I always love to hear about your books. One of my favorite things about the blog world is that I get to watch others' love of reading. I get to see your stacks of books on every surface, hear about your trips to the library, and discover new titles as you do.
We love reading here too. But really, we just simply love sounds...and language.
My husband and I are both multi-lingual and always dreaming about learning another language. We are raising our children bilingual (English and German) as well. In our family, we keep bilingual and monolingual dictionaries scattered all around the house and are constantly discussing the likely relationship between different words or the sociological implications of linguistic structures. (Yes, we are geeks.)
It should not be surprising, then, that both Evan and Clayton show a similar inclination. Though I have to admit that I am impressed and astounded on a regular basis by the things they can do with language. (I really want to brag a bit now, but I will refrain...)
We spend a lot of time making up songs, speaking in rhymes, and translating nonsense languages into English.
To encourage Evan's love for rhyming, I resurrected a game from my language-teaching days that has become a quick favorite. You will notice that this game also introduces some early reading concepts, though we are not really thinking about reading yet in our house. If you are starting the path to reading with your children, this game will be a great resource. However, even if you are not (like us), do not be afraid to try this game. Evan loves it mostly because it features lots and lots of rhyming words.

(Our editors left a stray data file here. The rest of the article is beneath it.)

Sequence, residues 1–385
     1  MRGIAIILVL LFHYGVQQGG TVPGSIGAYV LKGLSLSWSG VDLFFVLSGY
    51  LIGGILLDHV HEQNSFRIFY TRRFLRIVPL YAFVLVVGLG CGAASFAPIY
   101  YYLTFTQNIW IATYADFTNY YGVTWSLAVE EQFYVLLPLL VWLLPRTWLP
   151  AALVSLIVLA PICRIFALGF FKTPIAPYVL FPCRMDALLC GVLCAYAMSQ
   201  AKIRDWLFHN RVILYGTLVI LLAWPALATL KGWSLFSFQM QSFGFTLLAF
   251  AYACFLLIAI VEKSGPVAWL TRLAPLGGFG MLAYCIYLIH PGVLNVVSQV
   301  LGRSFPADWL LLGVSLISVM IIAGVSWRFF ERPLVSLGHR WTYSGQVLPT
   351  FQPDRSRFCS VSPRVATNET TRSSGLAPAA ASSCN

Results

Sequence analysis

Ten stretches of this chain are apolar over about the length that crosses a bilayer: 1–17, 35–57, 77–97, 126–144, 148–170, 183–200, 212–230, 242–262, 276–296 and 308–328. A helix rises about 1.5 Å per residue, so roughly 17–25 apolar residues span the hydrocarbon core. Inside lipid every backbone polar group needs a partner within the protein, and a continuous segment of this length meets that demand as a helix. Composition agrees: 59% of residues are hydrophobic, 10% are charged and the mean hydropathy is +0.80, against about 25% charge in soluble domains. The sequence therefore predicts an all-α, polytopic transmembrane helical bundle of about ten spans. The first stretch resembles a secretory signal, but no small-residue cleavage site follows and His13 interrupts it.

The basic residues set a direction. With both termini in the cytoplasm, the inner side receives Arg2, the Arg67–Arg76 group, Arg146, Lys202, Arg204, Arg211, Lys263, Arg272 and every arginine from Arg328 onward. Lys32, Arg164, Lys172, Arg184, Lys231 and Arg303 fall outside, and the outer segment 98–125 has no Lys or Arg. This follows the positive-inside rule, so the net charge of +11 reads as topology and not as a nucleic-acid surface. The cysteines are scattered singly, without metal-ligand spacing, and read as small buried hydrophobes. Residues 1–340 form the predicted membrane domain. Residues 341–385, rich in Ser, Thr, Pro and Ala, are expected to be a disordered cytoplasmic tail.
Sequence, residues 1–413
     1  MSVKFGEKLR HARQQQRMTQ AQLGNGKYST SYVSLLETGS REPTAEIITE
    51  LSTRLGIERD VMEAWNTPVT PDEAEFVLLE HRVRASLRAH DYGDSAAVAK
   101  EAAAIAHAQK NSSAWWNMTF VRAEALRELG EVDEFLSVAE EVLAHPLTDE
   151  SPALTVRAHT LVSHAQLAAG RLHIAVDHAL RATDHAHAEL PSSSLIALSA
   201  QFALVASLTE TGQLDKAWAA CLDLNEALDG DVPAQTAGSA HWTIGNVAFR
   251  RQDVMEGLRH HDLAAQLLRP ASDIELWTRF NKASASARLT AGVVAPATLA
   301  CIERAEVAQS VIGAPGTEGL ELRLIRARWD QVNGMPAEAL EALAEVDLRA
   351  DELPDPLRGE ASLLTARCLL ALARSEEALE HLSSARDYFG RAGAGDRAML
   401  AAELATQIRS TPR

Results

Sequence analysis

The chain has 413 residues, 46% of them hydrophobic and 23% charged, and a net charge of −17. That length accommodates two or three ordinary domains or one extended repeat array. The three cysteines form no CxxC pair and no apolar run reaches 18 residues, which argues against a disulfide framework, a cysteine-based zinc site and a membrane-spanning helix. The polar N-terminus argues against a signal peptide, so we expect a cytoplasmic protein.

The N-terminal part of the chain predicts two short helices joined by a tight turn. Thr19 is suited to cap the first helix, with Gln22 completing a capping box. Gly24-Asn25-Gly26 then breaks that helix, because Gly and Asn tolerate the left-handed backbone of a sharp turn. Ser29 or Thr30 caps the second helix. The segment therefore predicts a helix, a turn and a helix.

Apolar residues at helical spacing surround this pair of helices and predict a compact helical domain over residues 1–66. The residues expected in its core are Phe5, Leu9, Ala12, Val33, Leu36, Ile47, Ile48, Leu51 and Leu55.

Place magnet letters on a metal surface (we use the removable bottom of a tart pan) to form a set of rhyming words. Start with a simple two letter combination that will yield lots of rhyming pairs. We use "at" pretty much exclusively because it has not yet become boring.
Work slowly to move individual letters in front of your chosen combination. Start by showing your child how a single letter can change the word and how these words all rhyme because of the part that stays stable.
This game involves a lot more direct instruction than we usually use in our home. It is something that can be used in the classroom - I know because I did so myself. But as long as Evan is enjoying himself, I do not see any harm in playing a little at school.
To keep our expectations appropriate for a three-year-old who has not yet expressed a lot of interest in learning to read, we always make sure the game stays gentle. I do not push Evan to answer my questions if he seems unwilling. We stay playful with the rhyming pairs, making up little songs as we go. And we stop playing as soon as Evan starts to fidget.